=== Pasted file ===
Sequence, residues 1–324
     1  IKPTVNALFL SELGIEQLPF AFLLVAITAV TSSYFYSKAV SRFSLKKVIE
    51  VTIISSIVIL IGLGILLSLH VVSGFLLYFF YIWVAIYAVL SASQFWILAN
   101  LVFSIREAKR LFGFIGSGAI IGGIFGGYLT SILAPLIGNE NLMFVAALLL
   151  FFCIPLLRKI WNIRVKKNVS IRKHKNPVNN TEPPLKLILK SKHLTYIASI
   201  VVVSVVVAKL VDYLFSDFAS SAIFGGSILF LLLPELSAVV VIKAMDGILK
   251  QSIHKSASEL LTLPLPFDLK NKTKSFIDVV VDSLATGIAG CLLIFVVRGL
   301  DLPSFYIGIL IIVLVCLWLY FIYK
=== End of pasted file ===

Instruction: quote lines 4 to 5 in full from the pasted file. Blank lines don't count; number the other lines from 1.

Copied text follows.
   101  LVFSIREAKR LFGFIGSGAI IGGIFGGYLT SILAPLIGNE NLMFVAALLL
   151  FFCIPLLRKI WNIRVKKNVS IRKHKNPVNN TEPPLKLILK SKHLTYIASI